7 Secrets to Time Management for Busy Moms

Before I became a stay-at-home mom, I was a 9-5 career woman, juggling many deadlines and many different bosses. I don’t have as many deadlines now, per se, and I only have the one boss. There’s still enough to fill my days, and if I’m not careful at managing my time, it doesn’t take long for things to start piling up.

Using my 15 years of business time management skills, I’m super excited to share with you the top 7 secrets I’ve learned to manage my time being a busy mom. Let’s get started!

Secret #1

Set Your Alarm

Yes, I’m talking about your morning alarm. To feel your most accomplished during the day, you need to start off on the right foot. Get up at least an hour (maybe two) before your kiddos. This will give you enough time to get breakfast and enjoy a cup of coffee, if that’s your thing.

Anything you need to do to get you in a good mindset for the day and really “wake up.” If you need a morning workout or shower to wake you up, now is your time. In that hour, you may also be able to get one small task done. Empty the dishwasher or fold a load of laundry. Something that is mindless and not too labor intensive.

Now that you’re up and moving, and most likely so is the rest of the house, use alarms throughout the day to stay on track. If you’re a homeschooling mom, use an alarm to break up study sessions and allow for breaks throughout the lessons.

If you’re tackling a big cleaning project (garage, basement, sorting kids’ clothes), set an alarm for 20-30 minutes at a time. Section off an area that can be cleaned in that timeframe, and really go at it. If it’s kids’ clothes, pick one size or one drawer to tackle.

Take a break, then come back and do another 20–30-minute session. This will relieve burnout from taking on too big of a project and not seeing any progress, and it will also keep you from starting the project and ending up with an even bigger mess 10-12 hours later.

Call to Action: If you have little kids that are still napping, make the most of those naps to complete your 20–30-minute sessions. If you have older kids, either get them involved or give them a project of their own to keep them busy.

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Secret #2

Get the Hardest Thing out of the Way First

Remember that morning alarm that you set for an hour or two ahead of the kids? Now is the time to get the hardest, messiest, absolute worst thing on your to do list completed. Maybe that’s a morning workout. Or maybe your pantry needs organized. Maybe you really need to tackle that garage.

Whatever it is, do it first, especially if it’s a workout. First off, if you want to zoom through everything else on your to do list, get up and get your blood pumping, with no interruptions. Even 10 minutes of light cardio will help wake you up and get ready for the day.

Regardless of what it may be, it’s best to do it first cause the longer you put it off, the more it’s going to nag at you. Once it’s done, you can sprinkle in the easier things throughout the day.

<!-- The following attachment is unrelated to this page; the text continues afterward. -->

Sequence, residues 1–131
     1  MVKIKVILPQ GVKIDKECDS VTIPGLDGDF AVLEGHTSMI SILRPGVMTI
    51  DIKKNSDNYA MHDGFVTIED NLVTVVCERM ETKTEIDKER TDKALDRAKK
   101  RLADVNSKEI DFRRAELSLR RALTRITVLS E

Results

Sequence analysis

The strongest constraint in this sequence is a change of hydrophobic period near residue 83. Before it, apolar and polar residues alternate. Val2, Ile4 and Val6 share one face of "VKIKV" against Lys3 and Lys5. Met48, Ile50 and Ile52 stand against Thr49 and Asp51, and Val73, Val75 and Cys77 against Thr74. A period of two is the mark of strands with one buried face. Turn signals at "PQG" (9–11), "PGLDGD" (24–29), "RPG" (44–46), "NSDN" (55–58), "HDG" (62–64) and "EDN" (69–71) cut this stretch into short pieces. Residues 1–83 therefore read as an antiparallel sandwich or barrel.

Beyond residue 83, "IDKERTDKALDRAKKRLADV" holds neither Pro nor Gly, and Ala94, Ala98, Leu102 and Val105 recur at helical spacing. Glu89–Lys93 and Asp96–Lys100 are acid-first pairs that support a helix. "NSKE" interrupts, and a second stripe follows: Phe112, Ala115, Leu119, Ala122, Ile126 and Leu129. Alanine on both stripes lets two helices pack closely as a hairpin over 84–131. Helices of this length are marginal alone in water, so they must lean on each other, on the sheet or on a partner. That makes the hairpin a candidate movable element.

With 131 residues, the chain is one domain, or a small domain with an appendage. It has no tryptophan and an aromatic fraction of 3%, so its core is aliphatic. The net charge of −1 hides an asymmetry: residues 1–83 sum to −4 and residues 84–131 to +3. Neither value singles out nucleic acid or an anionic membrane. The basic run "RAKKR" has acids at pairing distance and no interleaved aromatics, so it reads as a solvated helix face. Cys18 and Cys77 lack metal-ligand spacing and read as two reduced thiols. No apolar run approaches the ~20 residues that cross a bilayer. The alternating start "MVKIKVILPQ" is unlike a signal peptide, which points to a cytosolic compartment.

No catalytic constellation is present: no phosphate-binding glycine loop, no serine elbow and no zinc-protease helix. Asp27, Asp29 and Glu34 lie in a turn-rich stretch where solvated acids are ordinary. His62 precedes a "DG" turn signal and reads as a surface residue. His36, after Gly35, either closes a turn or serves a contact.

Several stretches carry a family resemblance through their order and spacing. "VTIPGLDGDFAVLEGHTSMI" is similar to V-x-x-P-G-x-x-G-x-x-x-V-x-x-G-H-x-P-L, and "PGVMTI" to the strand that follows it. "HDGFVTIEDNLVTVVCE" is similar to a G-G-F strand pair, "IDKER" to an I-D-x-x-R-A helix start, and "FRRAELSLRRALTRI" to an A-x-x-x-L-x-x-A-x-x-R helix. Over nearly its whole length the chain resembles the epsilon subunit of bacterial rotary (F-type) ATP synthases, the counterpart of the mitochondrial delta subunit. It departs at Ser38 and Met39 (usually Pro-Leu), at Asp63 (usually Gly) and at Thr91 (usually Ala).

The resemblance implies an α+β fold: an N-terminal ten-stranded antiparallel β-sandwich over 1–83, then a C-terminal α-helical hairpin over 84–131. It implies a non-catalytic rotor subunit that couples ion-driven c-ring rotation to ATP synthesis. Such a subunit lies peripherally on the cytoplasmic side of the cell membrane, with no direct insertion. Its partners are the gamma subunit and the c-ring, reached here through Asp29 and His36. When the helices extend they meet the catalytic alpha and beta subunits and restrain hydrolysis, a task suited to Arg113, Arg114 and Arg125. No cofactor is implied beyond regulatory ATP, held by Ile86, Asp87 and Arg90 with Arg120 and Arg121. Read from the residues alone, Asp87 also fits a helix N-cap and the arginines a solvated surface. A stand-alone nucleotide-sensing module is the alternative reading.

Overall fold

Let’s go back to that garage reorganization project. There’s no way you’re going to get through this whole project in one day, and that’s okay. Use part of the morning before anyone is awake or that first nap, pick your area and set your 30-minute alarm. Now really get to work! At the end of 30 minutes, you’re done. You’ve accomplished something and you can feel good about it. Come back first thing tomorrow and work on the next section.

Call to Action: Find the big projects or the things you really don’t like doing and put them at the top of your list. No more hiding them near the bottom, or worse, not even acknowledging them.

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Secret #3

Write a Checklist and Use It

Checklists and planners and schedules, oh my! I think the minute women find out they are going to be a mom, our minds start processing everything that we’ll need for the baby for the next 15-20 years, give or take a few. Pregnancy brain, baby brain, mom brain: these are real things, and there’s no way one person can store all of that information in their head 100% of the time.

Here’s where you need to do a brain dump. Grab some paper and a pencil (yes, we’re writing this by hand), and get everything out. Everything!!! Use one piece of paper for all the household chores, regardless of who does them, and how often they need done. (Include things like car maintenance, yearly tax filings, changing batteries in the smoke detector). Use a separate piece of paper for everyone’s schedule: swimming lessons, soccer practice, doctor appointments, family game nights. Get it all out of your head and in one place.

Now set up a checklist for all the chores: daily, weekly, monthly and yearly (put dates on the yearly items). Set up a separate calendar for all the activities. Keep them in a place you and your family see them daily.

Call to Action: The other half of this secret is using the checklist. Don’t forget to reference the list daily and check things off as you accomplish them. This always puts a little spring in your step. It’s the same feeling kids get when seeing the gold stars on the chore chart.